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JavaScript: JSDoc Advanced Tips
/* https://leahayes.wordpress.com/2011/08/28/documenting-javascript-with-jsdoc3/
Namespaces can still be documented when a more abstract mechanism is used. @lends allows members to be added to an existing namespace:
*/
/**
* Root namespace
* @namespace root
*/
$namespace('root', /** @lends root **/ {
/**
* Do something really neat
*/
foo: function() {
}
});
/**
* Nested namespace
* @namespace root.nested
*/
$namespace('root.nested', /** @lends root.nested **/ {
/**
* Do something else that is really neat
*/
bar: function() {
}
});
/*
https://stackoverflow.com/questions/19230971/how-do-i-jsdoc-a-nested-objects-methods
You can't document nested functions directly. I didn't like Prongs solution, so I used a different implementation without namespaces (it's JS, not Java!).
*/
/** @module foobar */
/** @function */
function foobarbaz() {
/*
* You can't document properties inside a function as members, like you
* can for classes. In Javascript, functions are first-class objects. The
* workaround is to make it a @memberof it's closest parent (the module).
* manually linking it to the function using (see: {@link ...}), and giving
* it a @name.
*/
/**
* Foo object (see: {@link module:foobar~foobarbaz})
* @name foo
* @inner
* @private
* @memberof module:foobar
* @property {Object} foo - The foo object
* @property {Object} foo.bar - The bar object
* @property {function} foo.bar.baz - The baz function
*/
var foo = {
/*
* You can follow the same steps that was done for foo, with bar. Or if the
* @property description of foo.bar is enough, leave this alone.
*/
bar: {
/*
* Like the limitation with the foo object, you can only document members
* of @classes. Here I used the same technique as foo, except with baz.
*/
/**
* Baz function (see: {@link module:foobar~foo})
* @function
* @memberof module:foobar
* @returns {string} Some string
*/
baz: function() { /*...*/ }
}
};
return foo;
}
/** @class */
function Hello() {
/** @member {Object} */
var hi = {};
}
/*
Just to improve on Prongs's answer a bit for JSDoc3, I was only able to get it to work when I used the @instance annotation in lieu of @member.
ES6 example code follows:
*/
class Test
{
/**
* @param {object} something
*/
constructor(something)
{
this.somethingElse = something;
/**
* This sub-object contains all sub-class functionality.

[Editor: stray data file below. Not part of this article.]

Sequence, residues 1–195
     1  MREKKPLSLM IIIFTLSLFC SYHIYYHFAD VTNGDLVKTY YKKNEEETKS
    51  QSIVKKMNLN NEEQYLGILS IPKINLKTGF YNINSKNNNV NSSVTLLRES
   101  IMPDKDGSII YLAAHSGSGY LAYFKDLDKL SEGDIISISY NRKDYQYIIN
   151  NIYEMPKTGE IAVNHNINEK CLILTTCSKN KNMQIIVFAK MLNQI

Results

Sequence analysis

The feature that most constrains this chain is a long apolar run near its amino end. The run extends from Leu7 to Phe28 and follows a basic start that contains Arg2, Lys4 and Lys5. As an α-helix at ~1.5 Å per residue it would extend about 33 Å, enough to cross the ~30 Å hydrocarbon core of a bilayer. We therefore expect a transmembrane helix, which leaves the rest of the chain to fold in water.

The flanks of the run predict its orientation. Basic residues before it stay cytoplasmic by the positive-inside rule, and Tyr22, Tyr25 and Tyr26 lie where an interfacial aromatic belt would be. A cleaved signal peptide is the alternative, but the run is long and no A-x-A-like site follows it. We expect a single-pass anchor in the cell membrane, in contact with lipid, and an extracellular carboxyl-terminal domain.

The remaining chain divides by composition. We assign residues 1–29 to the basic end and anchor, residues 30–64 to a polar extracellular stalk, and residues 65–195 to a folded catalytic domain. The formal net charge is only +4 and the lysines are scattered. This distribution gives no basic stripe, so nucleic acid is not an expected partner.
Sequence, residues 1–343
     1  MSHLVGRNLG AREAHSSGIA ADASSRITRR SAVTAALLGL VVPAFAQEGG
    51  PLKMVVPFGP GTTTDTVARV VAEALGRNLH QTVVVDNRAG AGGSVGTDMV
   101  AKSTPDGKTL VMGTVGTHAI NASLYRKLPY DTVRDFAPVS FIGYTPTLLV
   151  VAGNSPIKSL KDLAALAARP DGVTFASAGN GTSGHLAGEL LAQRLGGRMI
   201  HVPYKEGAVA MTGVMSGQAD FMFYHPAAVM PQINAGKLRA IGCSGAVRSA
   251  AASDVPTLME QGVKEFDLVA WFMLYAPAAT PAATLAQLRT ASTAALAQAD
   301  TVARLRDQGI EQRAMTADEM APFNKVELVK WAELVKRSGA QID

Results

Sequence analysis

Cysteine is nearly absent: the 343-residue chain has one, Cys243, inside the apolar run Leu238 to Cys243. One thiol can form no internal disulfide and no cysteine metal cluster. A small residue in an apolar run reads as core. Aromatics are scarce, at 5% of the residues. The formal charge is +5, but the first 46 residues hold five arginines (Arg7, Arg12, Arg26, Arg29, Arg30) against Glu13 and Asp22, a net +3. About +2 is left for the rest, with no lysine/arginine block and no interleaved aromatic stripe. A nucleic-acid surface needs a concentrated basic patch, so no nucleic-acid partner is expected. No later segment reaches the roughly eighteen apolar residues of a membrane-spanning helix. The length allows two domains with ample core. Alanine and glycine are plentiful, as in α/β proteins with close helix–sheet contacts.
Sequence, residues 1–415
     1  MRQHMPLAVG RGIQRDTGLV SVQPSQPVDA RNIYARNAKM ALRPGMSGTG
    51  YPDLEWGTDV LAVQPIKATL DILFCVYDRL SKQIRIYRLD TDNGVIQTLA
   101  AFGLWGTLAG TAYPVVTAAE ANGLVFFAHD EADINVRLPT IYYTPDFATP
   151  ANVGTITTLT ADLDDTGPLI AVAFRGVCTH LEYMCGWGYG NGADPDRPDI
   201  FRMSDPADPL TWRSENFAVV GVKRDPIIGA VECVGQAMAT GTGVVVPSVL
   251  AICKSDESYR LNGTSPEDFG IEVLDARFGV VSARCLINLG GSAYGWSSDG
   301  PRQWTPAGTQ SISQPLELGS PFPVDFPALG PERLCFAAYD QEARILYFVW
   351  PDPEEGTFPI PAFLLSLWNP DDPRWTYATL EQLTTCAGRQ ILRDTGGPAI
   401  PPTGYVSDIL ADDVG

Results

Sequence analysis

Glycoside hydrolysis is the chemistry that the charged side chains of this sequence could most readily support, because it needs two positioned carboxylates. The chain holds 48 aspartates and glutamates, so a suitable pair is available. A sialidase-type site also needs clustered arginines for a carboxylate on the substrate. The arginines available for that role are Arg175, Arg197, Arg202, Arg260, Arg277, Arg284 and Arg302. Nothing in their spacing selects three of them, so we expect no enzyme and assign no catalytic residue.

*
* @type {object}
*/
this.topology = {
/**
* Informative comment here!
*
* @alias topology.toJSON
* @memberof! Test#
* @instance topology.toJSON
*
* @returns {object} JSON object
*/
toJSON()
{
return deepclone(privatesMap.get(this).innerJSON);
},
}
}
}
/*
https://leahayes.wordpress.com/2011/08/28/documenting-javascript-with-jsdoc3/
Class (with prototype object)
*/
/**
* Base class of a game entity
* @class Entity
*/
Entity = function() {
};
/**
* Render entity
* @param {CanvasRenderingContext2D} dc Device context
*/
Entity.prototype.render = function(dc) {
// Instance method!
};
/**
* Get new instance of entity
* @param {string} type Type of entity to instantiate
* @returns {@link Entity}
*/
Entity.getInstance: function(type) {
// Static method!
};
/*
https://leahayes.wordpress.com/2011/08/28/documenting-javascript-with-jsdoc3/
Classes (with classical approach)
*/
/**
* Base class of a game entity
* @class Entity
*/
$class('Entity', /** @lends Entity# **/ {
/**
* Render entity
* @param {CanvasRenderingContext2D} dc Device context
*/
render: function(dc) {
// Instance method!
}
}, /** @lends Entity **/ {
/**
* Get new instance of entity
* @param {string} type Type of entity to instantiate
* @returns {@link Entity}
*/
getInstance: function(type) {
// Static method!
}
});
/**
* Ball entity
* @class Ball
* @extends Entity
*/
$class('Ball', 'Entity', /** @lends Ball# **/ {
/**
* Force ball to bounce
*/
bounce: function() {
// Instance method!
}
});
/*
https://groups.google.com/forum/#!topic/jsdoc-users/izErstbwNUU
I advocate the use of already-defined patterns.
A bunch of new tags is not the main aim of my proposition.
Please find below JS code with comments.
It is self descriptive example.
-- Tawez
*/
/**
* @namespace
*/
Ns = {
/**
* Nested structures could be documented in simple way,
* we just need to reuse already defined patterns.
* Property dot notation (http://code.google.com/p/jsdoc-toolkit/wiki/